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Breed again asks Xi Jinping for pandas. This time, Chinese American leaders join her

A woman is speaking at a podium with "APEC 2023" in the background.
San Francisco Mayor London Breed sent a second letter to Chinese President Xi Jinping to ask for pandas. | Source: Justin Katigbak/The San Francisco Standard/POOL

San Francisco Mayor London Breed doesn’t want to give up—not only on her tough reelection campaign, but also on her quest to get pandas for the San Francisco Zoo from China.

Breed already asked Chinese President Xi Jinping for the rare, fuzzy animals in a letter three months ago. On Thursday, Breed sent another letter to Xi asking for giant pandas to make a new home in the city. This time, a wide range of local Chinese American leaders joined the push by co-signing Breed’s letter.

“[We] stand ready to welcome pandas to our San Francisco Zoo,” Breed said in the letter. “[The] exchange of Giant Pandas to zoos in California can be a great contributor to the establishment of a strong foundation for this friendship between our two countries.”

Sources close to the Mayor's Office also revealed that Breed is considering a trip to Shanghai to strengthen the sister city connections.

China announced last month that the San Diego Zoo will receive pandas—raising doubts about San Francisco’s chances to receive the rare animals, as Breed asked Xi during the Asia-Pacific Economic Cooperation summit last November and also formalized the request by sending a follow-up letter to Xi in December.

But there’s still hope.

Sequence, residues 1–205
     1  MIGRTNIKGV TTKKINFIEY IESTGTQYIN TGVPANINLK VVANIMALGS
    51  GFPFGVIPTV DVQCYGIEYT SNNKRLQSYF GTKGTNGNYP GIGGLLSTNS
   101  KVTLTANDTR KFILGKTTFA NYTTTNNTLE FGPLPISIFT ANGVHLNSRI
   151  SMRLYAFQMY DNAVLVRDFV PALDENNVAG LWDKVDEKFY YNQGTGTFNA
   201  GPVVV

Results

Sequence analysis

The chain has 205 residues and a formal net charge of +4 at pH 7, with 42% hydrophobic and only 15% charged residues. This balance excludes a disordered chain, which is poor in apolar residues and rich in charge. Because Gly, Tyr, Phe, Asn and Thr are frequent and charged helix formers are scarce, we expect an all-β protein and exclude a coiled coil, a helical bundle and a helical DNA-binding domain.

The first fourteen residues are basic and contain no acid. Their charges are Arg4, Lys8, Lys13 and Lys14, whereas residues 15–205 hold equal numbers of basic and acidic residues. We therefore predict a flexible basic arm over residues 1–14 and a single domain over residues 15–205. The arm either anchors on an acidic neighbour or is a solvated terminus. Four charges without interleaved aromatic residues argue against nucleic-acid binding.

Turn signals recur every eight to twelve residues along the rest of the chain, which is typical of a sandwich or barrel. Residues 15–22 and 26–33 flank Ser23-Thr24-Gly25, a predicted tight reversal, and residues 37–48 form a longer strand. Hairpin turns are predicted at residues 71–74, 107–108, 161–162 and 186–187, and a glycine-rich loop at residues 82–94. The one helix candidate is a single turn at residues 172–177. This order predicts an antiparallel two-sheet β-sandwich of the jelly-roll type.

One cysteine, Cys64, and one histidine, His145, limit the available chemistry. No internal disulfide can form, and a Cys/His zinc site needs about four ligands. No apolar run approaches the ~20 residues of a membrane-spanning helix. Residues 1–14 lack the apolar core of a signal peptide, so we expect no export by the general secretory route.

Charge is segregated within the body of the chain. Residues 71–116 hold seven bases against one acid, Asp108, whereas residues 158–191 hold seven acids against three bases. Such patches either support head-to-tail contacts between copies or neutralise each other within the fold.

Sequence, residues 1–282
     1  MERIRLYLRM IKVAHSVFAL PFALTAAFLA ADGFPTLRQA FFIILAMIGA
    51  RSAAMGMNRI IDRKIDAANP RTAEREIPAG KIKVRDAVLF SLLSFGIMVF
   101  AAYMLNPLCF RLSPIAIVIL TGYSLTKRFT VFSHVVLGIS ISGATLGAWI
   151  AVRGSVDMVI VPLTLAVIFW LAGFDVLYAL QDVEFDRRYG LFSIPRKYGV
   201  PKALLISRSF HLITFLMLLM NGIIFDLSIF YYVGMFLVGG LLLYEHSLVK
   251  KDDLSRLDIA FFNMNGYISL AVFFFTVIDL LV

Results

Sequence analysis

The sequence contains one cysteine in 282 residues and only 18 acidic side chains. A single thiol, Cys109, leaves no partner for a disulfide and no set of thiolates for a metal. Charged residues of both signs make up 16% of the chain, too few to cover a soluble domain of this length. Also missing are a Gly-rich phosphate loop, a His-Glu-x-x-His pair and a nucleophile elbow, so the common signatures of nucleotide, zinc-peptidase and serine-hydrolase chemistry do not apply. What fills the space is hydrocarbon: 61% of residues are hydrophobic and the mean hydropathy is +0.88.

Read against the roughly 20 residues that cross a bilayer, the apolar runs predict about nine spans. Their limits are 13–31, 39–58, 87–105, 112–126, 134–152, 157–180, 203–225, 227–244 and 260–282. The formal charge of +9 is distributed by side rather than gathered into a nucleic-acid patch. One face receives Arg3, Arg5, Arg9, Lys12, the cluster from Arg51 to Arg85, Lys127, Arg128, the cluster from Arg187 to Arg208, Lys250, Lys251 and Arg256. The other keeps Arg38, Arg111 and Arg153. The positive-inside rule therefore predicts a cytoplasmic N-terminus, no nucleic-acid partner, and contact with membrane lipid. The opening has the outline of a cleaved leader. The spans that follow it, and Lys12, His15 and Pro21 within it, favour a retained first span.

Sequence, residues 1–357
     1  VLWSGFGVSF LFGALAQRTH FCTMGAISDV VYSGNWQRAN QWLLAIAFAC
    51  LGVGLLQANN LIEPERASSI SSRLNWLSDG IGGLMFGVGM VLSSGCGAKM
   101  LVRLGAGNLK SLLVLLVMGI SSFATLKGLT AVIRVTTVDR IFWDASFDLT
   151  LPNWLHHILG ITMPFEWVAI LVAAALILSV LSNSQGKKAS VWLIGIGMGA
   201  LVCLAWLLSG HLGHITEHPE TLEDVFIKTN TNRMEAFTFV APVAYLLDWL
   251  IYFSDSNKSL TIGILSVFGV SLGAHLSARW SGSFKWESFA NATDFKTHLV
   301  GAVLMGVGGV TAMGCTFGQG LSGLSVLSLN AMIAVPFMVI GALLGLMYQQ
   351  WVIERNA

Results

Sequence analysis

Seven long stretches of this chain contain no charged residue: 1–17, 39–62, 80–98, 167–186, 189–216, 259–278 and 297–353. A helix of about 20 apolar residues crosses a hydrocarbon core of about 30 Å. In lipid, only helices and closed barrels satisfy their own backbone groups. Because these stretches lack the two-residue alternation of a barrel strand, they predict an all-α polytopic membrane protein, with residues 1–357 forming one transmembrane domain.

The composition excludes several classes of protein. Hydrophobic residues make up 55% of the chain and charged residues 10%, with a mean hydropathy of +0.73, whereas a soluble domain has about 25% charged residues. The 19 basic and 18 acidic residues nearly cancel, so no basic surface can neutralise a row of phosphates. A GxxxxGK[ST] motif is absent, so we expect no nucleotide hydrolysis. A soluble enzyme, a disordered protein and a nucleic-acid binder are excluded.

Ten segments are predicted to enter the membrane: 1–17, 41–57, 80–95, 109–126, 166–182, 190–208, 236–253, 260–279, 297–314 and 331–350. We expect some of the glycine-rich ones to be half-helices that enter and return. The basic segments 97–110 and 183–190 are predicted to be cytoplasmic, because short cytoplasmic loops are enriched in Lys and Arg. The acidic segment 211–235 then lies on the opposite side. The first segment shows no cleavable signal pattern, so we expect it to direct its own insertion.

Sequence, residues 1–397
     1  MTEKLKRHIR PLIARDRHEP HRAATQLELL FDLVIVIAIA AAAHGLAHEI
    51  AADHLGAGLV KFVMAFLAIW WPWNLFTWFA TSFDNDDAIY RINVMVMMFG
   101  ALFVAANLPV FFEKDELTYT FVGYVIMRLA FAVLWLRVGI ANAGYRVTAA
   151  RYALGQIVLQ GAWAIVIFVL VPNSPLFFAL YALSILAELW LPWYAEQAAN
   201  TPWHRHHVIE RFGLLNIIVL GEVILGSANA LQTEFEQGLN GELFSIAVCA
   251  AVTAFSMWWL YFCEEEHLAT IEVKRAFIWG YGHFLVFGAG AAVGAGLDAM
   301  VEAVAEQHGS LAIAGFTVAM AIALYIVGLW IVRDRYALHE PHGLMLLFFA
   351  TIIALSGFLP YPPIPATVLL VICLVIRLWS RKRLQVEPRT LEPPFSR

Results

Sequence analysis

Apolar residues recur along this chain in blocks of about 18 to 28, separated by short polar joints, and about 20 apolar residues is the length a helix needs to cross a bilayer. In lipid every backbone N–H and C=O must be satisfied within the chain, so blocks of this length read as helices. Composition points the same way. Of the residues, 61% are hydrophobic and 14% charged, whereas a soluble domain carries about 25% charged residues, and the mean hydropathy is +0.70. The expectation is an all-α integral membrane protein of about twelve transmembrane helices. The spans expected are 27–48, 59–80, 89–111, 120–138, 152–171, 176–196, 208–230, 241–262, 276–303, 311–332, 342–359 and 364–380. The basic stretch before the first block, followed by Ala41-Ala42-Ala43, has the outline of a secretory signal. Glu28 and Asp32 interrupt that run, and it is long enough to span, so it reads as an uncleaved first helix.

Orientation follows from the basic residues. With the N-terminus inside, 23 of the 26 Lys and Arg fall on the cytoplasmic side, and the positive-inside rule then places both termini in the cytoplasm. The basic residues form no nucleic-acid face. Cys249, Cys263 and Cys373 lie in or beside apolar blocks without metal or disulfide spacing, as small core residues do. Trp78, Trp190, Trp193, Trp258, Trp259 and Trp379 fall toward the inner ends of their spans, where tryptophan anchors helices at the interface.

In a letter obtained by The Standard, Xie Feng, the Chinese ambassador to the U.S., responded to Breed’s first letter saying Xi appreciates San Francisco’s commitment to the friendship and hinted that pandas could come “early.”

“Let’s keep in close contact in this regard,” Feng said in the letter dated Jan. 26, “and hopefully, we will see an early arrival of giant pandas in San Francisco.”

A giant panda walks through grass near wooden structures, looking toward the camera.
Giant panda Xiao Qi Ji is seen in his enclosure at the Smithsonian National Zoological Park in Washington, D.C., in 2023. | Source: Matt McClain/The Washington Post/Getty Images

San Francisco has hosted pandas before, but never for a long term. In the ’80s, two pandas stopped by the San Francisco Zoo for three months, attracting hundreds of thousands of visitors. That period remains the busiest period the zoo has ever experienced.

Dozens of Chinese American elected officials, city commissioners and community leaders signed Breed’s second letter, including City Administrator Carmen Chu and City Attorney David Chiu.

Tanya Peterson, president of San Francisco Zoo, told The Standard that she’s in close contact with the Chinese forestry administration, as experts from both countries are sorting out the zoological operations for the potential arrival of giant pandas. Panda experts from China came to San Francisco to evaluate the zoo facility last December, according to Breed.

China is reviving its famous “panda diplomacy” policy, through which it has lent pandas to foreign zoos over the past several decades.

If the pandas are confirmed to come, the city may start a massive fundraising effort to cover the rental fees and build a suitable habitat. That effect is expected to cost tens of millions of dollars.